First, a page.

Sally Ride: First American Woman in Space

Sally Ride floats in space on STS-7 mission.
Floating freely on the flight deck, Sally Ride communicates with ground controllers in Houston during her STS-7 mission in June 1983.
Credit: NASA

Sally Ride became the first American woman to go into space when she flew on the space shuttle Challenger on June 18, 1983. She made two shuttle flights, and later became a champion for science education and a role model for generations.

Tennis and physics

Born in Encino, Calif., on May 26, 1951, Sally Kristen Ride was the older of two daughters of Dale B. Ride and Carol Joyce (Anderson) Ride. Her father was a professor of political science and her mother was a counselor. While neither had a background in the physical sciences, she credited them with fostering her deep interest in science by encouraging her to explore.

An athletic youngster, Ride attended Westlake High School for Girls, a prep school in Los Angeles, on a partial tennis scholarship. She graduated in 1968. After a brief foray into professional tennis, she returned to California to attend Stanford University. There she received a bachelor of science degree in physics and a bachelor of arts degree in English in 1973. Furthering her studies at Stanford, she obtained a master of science degree in 1975 and a doctorate in physics in 1978.

After completing her studies at Stanford, Ride applied to the National Aeronautics and Space Administration (NASA). Besting thousands of applicants, Ride was selected as one of NASA's first six female astronauts and began spaceflight training in 1978.

Ride started her aeronautics career on the ground, serving as a capsule communicator as part of the ground-support crew for the second (November 1981) and third (March 1982) shuttle flights.

At 32, Ride experienced her first spaceflight as a mission specialist on STS-7, NASA's seventh shuttle mission, aboard the space shuttle Challenger. The mission launched on June 18, 1983 and returned to Earth on June 24. Tasks on the mission included launching communications satellites for Canada and Indonesia. The astronauts also conducted the first successful satellite deployment and retrieval in space using the shuttle's robotic arm. During the flight, Ride became the first woman to operate the shuttle's robotic arm.

Ride's history-making Challenger mission was not her only spaceflight. She also became the first American woman to travel to space a second time when she launched on another Challenger mission, STS-41-G, on Oct. 5, 1984. That mission lasted nine days. On that flight, she used the shuttle’s robotic arm to remove ice from the shuttle's exterior and to readjust a radar antenna. Ride was assigned to a third shuttle mission, but her crew's training was cut short by the Challenger disaster in January 1986. [Images: Sally Ride: First American Woman in Space]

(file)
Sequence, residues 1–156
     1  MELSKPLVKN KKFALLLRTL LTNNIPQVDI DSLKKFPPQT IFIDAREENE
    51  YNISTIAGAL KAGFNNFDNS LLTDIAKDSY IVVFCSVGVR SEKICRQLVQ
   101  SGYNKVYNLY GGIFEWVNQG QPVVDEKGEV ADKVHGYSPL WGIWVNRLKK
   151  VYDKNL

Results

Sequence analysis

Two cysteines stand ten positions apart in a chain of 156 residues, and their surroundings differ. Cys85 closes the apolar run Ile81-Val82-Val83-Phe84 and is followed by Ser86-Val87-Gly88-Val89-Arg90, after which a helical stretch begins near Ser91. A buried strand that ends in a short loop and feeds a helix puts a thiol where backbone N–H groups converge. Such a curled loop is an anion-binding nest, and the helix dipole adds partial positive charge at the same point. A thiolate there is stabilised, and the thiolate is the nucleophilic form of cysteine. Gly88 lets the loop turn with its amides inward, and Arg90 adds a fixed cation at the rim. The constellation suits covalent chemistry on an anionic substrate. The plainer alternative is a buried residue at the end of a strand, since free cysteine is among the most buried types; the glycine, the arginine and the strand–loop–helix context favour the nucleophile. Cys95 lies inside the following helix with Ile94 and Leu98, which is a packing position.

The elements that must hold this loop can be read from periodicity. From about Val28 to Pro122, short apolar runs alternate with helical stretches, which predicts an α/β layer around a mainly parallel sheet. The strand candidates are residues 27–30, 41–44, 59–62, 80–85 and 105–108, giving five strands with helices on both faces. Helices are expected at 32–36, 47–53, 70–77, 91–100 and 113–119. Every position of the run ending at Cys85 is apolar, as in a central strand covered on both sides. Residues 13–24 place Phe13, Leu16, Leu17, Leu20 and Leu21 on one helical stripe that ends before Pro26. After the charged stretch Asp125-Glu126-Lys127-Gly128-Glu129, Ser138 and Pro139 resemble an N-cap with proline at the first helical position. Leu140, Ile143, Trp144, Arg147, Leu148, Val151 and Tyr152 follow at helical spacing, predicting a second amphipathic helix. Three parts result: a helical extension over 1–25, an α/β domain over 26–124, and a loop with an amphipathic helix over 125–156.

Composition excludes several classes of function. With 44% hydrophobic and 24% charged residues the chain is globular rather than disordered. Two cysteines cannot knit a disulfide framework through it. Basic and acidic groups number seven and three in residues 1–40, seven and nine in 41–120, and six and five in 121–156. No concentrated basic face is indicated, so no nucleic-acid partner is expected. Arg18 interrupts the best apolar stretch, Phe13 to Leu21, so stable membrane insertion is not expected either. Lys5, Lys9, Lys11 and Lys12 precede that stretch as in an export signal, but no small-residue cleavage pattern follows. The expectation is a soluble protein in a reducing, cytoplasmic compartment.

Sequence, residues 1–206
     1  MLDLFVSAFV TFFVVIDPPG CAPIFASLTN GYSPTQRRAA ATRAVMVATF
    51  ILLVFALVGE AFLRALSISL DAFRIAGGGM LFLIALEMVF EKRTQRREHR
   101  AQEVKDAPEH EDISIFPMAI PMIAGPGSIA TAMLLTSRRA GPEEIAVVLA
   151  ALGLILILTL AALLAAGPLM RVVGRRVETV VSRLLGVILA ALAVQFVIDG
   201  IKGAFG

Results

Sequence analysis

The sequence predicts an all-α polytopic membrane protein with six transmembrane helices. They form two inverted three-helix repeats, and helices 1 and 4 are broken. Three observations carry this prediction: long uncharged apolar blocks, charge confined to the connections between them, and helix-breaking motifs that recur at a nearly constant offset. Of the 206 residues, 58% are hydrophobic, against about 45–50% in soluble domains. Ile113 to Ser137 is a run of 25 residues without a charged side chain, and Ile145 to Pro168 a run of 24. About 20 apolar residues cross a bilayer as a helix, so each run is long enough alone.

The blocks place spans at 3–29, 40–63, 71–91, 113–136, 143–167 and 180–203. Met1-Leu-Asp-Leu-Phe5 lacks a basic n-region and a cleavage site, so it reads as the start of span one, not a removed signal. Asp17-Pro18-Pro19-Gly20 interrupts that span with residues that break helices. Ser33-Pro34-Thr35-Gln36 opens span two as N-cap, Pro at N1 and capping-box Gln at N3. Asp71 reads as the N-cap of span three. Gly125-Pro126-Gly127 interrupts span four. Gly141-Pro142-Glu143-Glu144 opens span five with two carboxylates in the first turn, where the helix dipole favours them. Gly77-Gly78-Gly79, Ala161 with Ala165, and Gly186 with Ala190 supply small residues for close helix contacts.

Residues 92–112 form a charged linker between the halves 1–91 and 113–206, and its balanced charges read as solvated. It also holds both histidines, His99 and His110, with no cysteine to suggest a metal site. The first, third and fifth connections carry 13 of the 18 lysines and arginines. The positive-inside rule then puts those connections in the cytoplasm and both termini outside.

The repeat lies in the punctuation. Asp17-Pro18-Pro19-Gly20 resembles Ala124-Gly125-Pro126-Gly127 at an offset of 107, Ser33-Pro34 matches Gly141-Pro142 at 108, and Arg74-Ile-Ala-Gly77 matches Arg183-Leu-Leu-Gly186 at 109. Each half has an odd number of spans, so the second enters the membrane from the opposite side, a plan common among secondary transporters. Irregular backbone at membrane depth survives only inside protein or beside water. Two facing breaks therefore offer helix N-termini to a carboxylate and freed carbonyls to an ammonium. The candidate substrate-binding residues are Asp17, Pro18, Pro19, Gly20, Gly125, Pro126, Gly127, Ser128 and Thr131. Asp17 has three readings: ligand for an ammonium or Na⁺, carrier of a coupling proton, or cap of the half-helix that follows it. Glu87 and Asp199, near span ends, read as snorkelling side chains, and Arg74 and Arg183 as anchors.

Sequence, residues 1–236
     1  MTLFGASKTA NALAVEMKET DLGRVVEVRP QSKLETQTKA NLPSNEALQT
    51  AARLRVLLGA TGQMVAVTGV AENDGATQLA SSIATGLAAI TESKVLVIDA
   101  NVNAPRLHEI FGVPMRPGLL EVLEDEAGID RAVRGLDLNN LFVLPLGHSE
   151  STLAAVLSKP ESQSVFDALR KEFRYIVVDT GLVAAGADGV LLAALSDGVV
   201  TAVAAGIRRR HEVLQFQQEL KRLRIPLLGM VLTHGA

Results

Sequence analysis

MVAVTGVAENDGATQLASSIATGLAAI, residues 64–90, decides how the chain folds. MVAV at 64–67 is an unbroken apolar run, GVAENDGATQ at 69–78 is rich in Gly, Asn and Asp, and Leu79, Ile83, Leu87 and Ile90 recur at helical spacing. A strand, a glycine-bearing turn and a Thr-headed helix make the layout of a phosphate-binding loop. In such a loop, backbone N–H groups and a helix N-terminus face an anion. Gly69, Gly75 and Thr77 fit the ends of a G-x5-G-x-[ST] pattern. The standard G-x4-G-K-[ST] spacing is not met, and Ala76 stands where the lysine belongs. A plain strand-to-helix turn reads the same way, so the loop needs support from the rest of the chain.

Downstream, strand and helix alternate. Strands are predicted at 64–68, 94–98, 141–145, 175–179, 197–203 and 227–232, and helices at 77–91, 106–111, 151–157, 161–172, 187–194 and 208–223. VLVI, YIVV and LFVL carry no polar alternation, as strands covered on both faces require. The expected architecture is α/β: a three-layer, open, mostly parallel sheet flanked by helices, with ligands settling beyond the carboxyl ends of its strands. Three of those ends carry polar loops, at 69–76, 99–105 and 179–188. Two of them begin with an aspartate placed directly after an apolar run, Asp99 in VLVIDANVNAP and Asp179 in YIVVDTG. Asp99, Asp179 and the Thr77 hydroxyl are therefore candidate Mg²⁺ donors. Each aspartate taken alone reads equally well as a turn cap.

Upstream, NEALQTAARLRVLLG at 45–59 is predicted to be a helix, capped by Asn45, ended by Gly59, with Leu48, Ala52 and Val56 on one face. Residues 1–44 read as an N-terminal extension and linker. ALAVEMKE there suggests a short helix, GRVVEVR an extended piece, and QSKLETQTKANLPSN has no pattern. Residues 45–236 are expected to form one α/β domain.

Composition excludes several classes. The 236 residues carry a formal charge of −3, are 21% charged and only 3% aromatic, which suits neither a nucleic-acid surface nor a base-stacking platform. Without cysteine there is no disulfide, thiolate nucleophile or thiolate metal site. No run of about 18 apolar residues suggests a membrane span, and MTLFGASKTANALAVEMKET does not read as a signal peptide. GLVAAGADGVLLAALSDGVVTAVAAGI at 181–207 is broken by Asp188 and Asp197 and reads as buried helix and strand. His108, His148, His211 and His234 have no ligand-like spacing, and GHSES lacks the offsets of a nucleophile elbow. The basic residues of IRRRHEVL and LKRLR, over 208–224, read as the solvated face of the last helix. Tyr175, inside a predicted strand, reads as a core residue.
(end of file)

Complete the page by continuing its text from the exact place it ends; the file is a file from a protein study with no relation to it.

Space shuttle investigations

While Ride shaped the future of space aeronautics on her first historic Challenger flight, she continued to influence the space program after her days of space travel were over. Ride served on the accident investigation boards set up in response to the two space shuttle tragedies — Challenger in 1986 and Columbia in 2003. In 2009, she participated in the Augustine committee that helped define NASA's spaceflight goals.

From 1982 to 1987, Ride was married to fellow astronaut Steven Hawley. They had no children.

Former astronaut Sally Ride at the Sally Ride Science Festival in Florida in 2003.
Former astronaut Sally Ride talks to young women at the Sally Ride Science Festival, held at the University of Central Florida, Orlando, Fla., in 2003.
Credit: NASA

Post-NASA work

While she left NASA in 1987, her passion for space and science never waned. Ride joined Stanford University Center for International Security and Arms Control after leaving NASA. She later became a professor of physics at the University of California, San Diego. She served as president of from 1999 to 2000.

Believing that it was important encourage students — especially girls — to embrace the study of science, she founded Sally Ride Science, a science outreach company, in 2001. One of the company's efforts included adding the MoonKam experiment onto unmanned NASA's Grail moon gravity probes, which allowed students to choose and take their own photos of the moon from lunar orbit.

Ride also wrote five science-related children’s books: To Space and Back; Voyager; The Third Planet; The Mystery of Mars; and Exploring Our Solar System.

Ride died on July 23, 2012, at the age of 61 following a 17-month battle with pancreatic cancer. Ride is survived by Tam O'Shaughnessy, her partner of 27 years, and also chief operating officer and executive vice president of Sally Ride Science, as well as her mother, Joyce; her sister, Bear; her niece, Caitlin, and her nephew, Whitney.

— Kim Ann Zimmermann


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